Economic Justice for Women

The Family Fund’s program for women’s economic justice seeks to improve the quality of life for working women and their families in two ways: by advocating for equitable employment opportunities and updated employment standards, and by building power through support of women’s activism. Working at the national, state and local levels, we support research, training, public education campaigns and advocacy efforts.


Women Effect Fund  
The Women Effect Fund is dedicated to pursuing a suite of economic reforms that are central to women’s economic equality and the well-being of their families. The WEF recognizes that workplace policies in the United States have not been updated despite the enormous changes in the workforce that have occurred over the past 50 years. While the typical American family with children in the 1950’s had a homemaker and a breadwinner, today’s American family is most likely run by two parents – both working out of the home – or a single parent also working outside the home. This basic fact has had a cascading series of societal, cultural and economic effects, including the inability of many women to meet their family and work responsibilities due to antiquated and rigid workplace policies. One of the most promising ways to improve the economic status of women is to modernize America’s employment standards. Since 2008, RFF has undertaken this initiative to educate the public about work/family conflict and its detrimental effect on the economy and family economic security. RFF has primarily focused on paid leave policies that allow employees to take care of their own health needs or those of a family member. When RFF began investing in this work, there were only two laws on the books—and now there are 11 states and more than 30 cities with a paid sick days law, covering more than 14 million people. Beginning with paid sick day wins in Connecticut and Seattle and more recent wins statewide in Arizona, Maryland, and New Jersey, this issue has achieved stunning successes. RFF has also begun investing in paid family and medical leave campaigns, including in New York, where a paid family and medical leave bill passed in 2016, and New Hampshire, where a paid family and medical leave bill passed through both chambers of the state legislature in 2019.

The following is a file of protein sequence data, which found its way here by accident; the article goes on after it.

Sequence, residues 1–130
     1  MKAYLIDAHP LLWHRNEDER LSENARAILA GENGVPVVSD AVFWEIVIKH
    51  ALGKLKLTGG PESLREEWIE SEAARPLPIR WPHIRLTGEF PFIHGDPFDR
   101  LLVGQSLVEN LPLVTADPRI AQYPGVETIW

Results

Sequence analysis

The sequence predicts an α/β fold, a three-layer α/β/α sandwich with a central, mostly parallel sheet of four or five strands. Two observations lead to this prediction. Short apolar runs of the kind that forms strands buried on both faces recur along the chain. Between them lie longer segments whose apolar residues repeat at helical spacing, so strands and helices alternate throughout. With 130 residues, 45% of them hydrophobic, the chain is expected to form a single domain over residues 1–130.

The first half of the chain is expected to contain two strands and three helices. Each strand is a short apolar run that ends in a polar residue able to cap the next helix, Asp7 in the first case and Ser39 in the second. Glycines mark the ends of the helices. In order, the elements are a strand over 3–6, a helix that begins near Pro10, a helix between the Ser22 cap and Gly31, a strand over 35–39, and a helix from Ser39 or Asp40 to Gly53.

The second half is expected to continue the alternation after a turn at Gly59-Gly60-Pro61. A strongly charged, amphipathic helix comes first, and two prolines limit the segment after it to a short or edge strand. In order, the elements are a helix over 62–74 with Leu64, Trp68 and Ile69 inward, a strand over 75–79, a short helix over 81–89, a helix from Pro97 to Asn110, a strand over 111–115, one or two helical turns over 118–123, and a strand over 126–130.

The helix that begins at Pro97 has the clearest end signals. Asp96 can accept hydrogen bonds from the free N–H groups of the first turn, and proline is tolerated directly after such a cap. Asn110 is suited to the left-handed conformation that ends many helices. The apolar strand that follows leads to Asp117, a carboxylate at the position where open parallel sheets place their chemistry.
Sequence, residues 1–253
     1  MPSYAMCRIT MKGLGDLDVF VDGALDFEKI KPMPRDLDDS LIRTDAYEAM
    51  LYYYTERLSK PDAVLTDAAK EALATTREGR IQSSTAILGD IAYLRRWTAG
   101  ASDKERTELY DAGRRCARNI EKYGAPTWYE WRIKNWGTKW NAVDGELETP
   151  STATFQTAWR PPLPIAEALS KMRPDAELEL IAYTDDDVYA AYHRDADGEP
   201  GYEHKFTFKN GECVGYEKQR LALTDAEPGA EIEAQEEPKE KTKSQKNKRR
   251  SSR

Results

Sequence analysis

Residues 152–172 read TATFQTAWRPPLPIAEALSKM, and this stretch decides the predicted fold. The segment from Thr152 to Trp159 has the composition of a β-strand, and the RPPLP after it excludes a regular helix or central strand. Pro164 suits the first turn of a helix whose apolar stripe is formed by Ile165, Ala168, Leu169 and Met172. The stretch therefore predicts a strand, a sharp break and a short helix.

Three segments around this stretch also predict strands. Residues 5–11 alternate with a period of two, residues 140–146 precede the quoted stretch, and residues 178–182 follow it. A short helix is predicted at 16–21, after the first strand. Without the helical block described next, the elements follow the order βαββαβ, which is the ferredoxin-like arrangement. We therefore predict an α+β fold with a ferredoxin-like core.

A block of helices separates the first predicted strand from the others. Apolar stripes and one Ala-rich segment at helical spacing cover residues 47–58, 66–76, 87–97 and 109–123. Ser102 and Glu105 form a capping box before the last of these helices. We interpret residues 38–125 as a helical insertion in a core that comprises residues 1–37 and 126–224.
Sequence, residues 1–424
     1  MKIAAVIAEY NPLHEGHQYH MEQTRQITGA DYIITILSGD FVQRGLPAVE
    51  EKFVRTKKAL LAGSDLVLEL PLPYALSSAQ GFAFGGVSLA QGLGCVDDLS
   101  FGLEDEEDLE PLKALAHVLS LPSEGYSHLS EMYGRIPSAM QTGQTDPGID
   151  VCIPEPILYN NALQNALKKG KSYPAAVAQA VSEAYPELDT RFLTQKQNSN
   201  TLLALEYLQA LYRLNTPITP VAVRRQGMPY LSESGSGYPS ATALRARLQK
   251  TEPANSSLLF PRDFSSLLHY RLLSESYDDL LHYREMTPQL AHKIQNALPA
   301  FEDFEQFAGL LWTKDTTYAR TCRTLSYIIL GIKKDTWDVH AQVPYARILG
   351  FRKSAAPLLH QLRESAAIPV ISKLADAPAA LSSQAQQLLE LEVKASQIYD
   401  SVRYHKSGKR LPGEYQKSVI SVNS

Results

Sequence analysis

Local Solutions Support Center
Frustrated by federal gridlock and state inaction, Americans are increasingly looking to local government to solve their problems. Across the country, local governments are taking the lead on improving workers’ rights, expanding the boundaries of civil rights, reducing inequity, and pursuing other policies that reflect the values and meet the needs of their communities. At the same time the demand for local government action is increasing, so is state interference with the decision-making and problem-solving power of cities, towns and counties. In the last seven years, there has been an increase in state preemption, blocking local lawmaking across a broad and growing range of issues. States are now with growing regularity overturning municipal decisions and the outcomes of ballot measures, threatening to withhold funds from cities, and punishing local officials who defy them. To address this growing threat, the Economic Justice for Women program area launched an initiative, the Local Solutions Support Center (LSSC), in 2017. It acts as a national hub intended to reframe and respond to preemption as a threat to the advancement of local policies that promote economic, social and public health equity and justice. To meet that goal, the LSSC develops, supports, and implements nonpartisan strategies designed to educate the public and policymakers on negative preemption efforts; repeal existing laws that stifle local innovation and equity-promotion; inoculate local officials and government against attack; and, where possible and appropriate, affirm and strengthen home rule. LSSC has a website available here with more information and resources.

Representative Grants


To provide legal support for earned sick leave, paid family and medical leave, and other family-friendly policies
To support its Women's Initiative
To support Make the Road Nevada and its public education campaign on earned sick leave
For preemption-related public health and health equity work
For general support
To support its public education efforts on earned sick time



The Hill published an op-ed by RFF Associate Director Lisa Guide that pushes back on those who argue caregiving investments should not be prioritized for infrastructure improvements. Lisa explains how the care economy is part of the foundation of the economy and has bipartisan support from a majority of voters.